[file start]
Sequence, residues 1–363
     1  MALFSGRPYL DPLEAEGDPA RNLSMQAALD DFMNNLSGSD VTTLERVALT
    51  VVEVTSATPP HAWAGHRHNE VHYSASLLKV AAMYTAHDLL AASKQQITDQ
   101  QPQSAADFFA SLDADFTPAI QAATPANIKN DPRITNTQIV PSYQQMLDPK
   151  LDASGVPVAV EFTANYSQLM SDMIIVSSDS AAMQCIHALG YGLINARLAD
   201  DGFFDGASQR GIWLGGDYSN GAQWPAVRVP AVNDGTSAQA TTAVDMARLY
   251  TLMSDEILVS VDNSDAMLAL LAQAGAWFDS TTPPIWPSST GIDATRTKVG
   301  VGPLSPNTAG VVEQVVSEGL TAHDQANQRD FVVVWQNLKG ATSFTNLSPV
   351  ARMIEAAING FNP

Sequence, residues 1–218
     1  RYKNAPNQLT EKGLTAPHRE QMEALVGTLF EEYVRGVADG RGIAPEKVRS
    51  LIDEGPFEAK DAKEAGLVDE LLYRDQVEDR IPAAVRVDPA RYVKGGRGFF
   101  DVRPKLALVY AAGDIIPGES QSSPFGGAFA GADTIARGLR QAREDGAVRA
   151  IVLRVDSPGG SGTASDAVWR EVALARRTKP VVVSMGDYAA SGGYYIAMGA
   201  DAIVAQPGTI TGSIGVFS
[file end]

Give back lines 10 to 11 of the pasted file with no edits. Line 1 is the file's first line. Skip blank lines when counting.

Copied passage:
Sequence, residues 1–218
     1  RYKNAPNQLT EKGLTAPHRE QMEALVGTLF EEYVRGVADG RGIAPEKVRS